His-Tory: Misplaced euphoria over Sunak

Mr Sunak rose to power not because of his ethnic background and desi politics, but despite them. As a politician, he cannot be seen as closer to any other country but to stand for his own. If at all, he would be harsher on India to make a point

Srinath SridharanUpdated: Tuesday, November 01, 2022, 06:46 PM IST
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UK PM Rishi Sunak | File photo

That UK Prime Minister Rishi Sunak fought hard and long for his role is known. That he has worked hard is another given, and has been public with his views about the economic development (or rather rescue) for the UK.

Here is where the challenge starts — the misplaced expectation that he will be pro-India. Countless Diwali WhatsApp messages slowly avalanched into “apna ladka is now UK PM”. Memes became fun and more. Some even called it the revenge at the empire for lording over India decades ago. Why is there so much amusement and frenzied public display of Indian-ness, every time a 2nd- or 3rd-generation Indian-settled-as-other-nation-citizen gets into a leadership role?

He is a Brit

Will this particular individual even relate to India? Probably to an extent as a 3rd generation desi — who heard how his ancestors had moved from the sub-continent to Nairobi nearly a century ago.

Mr Sunak's grandparents originated from British India but their birthplace Gujranwala lies in modern day Pakistan's Punjab province. So the debate is still out if he is of Indian origin or Pakistani.

While it might sound unfair, with no disrespect, the desi-quotient can be a double edged sword. It could be used to discriminate, as well as appeal to a section of opinions.

We have to respect his age and years ahead of political leadership prospects. In many quarters, such youth might be held against him. It’s ironic that most of the G-20 nation leaders he will discuss with, will be a generation older than him. It has its pros and cons. Hopefully not patronising tones that he would receive.

The fact is that Mr Sunak is a British national. Make no mistake — he is not an Indian national. He was born and brought up in the UK. His family migrated from the sub-continent during British rule and was then impoverished. They left for better economic and social prospects, a view that usually gets carried by subsequent generations. It is his personal matter that much of his current family wealth might be linked with the wealth generation of the Indian company that his father in law founded in Independent India.

He benefited from education from the best of UK & US institutions (both of these global education leaders). As a younger leader, he might be able to relate to India better than most other desi-leaders of Indian ancestry. The reason being that he may not have too much of the baggage and rhetoric of desi Indians. The India they remember is one that is poverty-stricken, with low literacy and lack of citizenry benefits, not the better India that it has shaped into, currently.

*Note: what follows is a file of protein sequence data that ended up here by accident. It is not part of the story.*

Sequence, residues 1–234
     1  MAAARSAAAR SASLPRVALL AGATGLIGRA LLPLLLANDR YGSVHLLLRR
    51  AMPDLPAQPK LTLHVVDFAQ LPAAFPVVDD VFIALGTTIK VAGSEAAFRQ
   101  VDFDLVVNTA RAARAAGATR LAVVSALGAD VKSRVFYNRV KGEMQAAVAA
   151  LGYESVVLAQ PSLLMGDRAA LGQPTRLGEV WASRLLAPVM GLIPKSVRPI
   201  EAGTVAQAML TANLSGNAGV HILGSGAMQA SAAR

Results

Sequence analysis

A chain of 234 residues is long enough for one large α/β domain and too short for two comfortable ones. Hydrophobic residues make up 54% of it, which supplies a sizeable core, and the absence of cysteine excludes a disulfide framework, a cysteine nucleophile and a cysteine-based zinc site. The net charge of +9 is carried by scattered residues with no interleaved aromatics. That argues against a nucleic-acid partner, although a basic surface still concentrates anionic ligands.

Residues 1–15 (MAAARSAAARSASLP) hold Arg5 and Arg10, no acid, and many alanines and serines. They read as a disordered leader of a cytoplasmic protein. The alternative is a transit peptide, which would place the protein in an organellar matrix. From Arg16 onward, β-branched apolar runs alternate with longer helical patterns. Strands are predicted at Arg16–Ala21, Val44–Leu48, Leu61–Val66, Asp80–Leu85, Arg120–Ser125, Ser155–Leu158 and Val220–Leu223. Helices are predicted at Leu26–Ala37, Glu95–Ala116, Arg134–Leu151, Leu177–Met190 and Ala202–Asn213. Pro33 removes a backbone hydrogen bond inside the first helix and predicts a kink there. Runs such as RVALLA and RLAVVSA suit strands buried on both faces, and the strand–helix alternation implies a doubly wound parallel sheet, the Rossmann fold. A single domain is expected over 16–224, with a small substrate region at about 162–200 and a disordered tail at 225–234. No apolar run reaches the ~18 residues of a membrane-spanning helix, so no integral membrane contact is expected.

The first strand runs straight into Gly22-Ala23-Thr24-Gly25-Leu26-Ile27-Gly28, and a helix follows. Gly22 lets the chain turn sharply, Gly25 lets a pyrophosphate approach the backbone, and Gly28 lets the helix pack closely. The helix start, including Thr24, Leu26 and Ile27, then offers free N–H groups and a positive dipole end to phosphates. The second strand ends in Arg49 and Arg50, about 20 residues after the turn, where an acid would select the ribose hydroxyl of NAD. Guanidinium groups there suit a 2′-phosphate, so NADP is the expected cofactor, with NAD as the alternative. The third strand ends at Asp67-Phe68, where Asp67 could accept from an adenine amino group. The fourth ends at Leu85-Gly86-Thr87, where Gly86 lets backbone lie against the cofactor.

He rose to power not because of his ethnic background and desi politics, but despite them. As a politician, he cannot be seen as closer to any other country but to stand for his own. If at all, he would be harsher on India to make a point. For any upcoming India-UK negotiations, he will want better deal for the UK, and not cede ground to India. But for sure, both sides will then claim win-win for public optics.

His political rivals and the local media will scrutinise everything that he does about and with India. While politically it would be useful for him to utilise his desi-roots, and to appeal his desi voting base, as well use desi-back channels to Delhi. New Delhi will also rightfully use these desi connections of global leaders to promote his causes. In a world of diplomacy, those become critical networks to activate.

Indian diplomacy

Some years ago, the GoI created the concept of OCI — Overseas Citizen of India. It celebrates the power of tapping into the network of those Indians whose previous generations had migrated out of India and taken citizenship of a foreign nation.

It is not just symbolism, but a showcase of the philosophy of India’s cultural-social diplomacy. It is based on showcasing India’s achievements across various spheres, and also its global role amidst global complexities and geopolitical tussles. India has been steadily growing its linkages with its diaspora.

The narrative currently helps that their country of origin or native roots is a global power, and a universal brother to every other nation. A nation whose economic resurgence is on its way, while working to eliminate the divides and access issues. A market who is looked at by the developed nations for wanting to participate in its consumption and growth — both of which translate to sustainability of their own enterprises or politics, domestically in their country.

A civilisation that transcends time, and has withstood wars, vagaries of nature, wedges of various philosophies, and yet has persevered to prosper. A nation where demographics, democracy and digital converge well for a better society.

This is why India is an important nation-partner, which has built global outreach based on trust and strategic intent. As a culture, India has had its original Bharat with many Rishis as founding fathers. So nations, communities, partnerships are important, and India can’t base its plans just on few individual Rishis.

 

Srinath Sridharan is a corporate advisor and independent markets commentator

 

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